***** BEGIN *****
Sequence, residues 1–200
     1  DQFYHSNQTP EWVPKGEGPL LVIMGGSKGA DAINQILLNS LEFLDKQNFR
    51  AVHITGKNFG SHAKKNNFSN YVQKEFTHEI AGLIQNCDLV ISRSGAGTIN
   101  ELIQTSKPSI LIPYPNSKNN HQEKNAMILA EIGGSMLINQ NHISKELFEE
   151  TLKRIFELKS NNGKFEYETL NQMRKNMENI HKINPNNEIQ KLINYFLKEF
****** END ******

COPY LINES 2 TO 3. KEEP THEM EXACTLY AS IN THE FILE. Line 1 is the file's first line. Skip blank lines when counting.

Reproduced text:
     1  DQFYHSNQTP EWVPKGEGPL LVIMGGSKGA DAINQILLNS LEFLDKQNFR
    51  AVHITGKNFG SHAKKNNFSN YVQKEFTHEI AGLIQNCDLV ISRSGAGTIN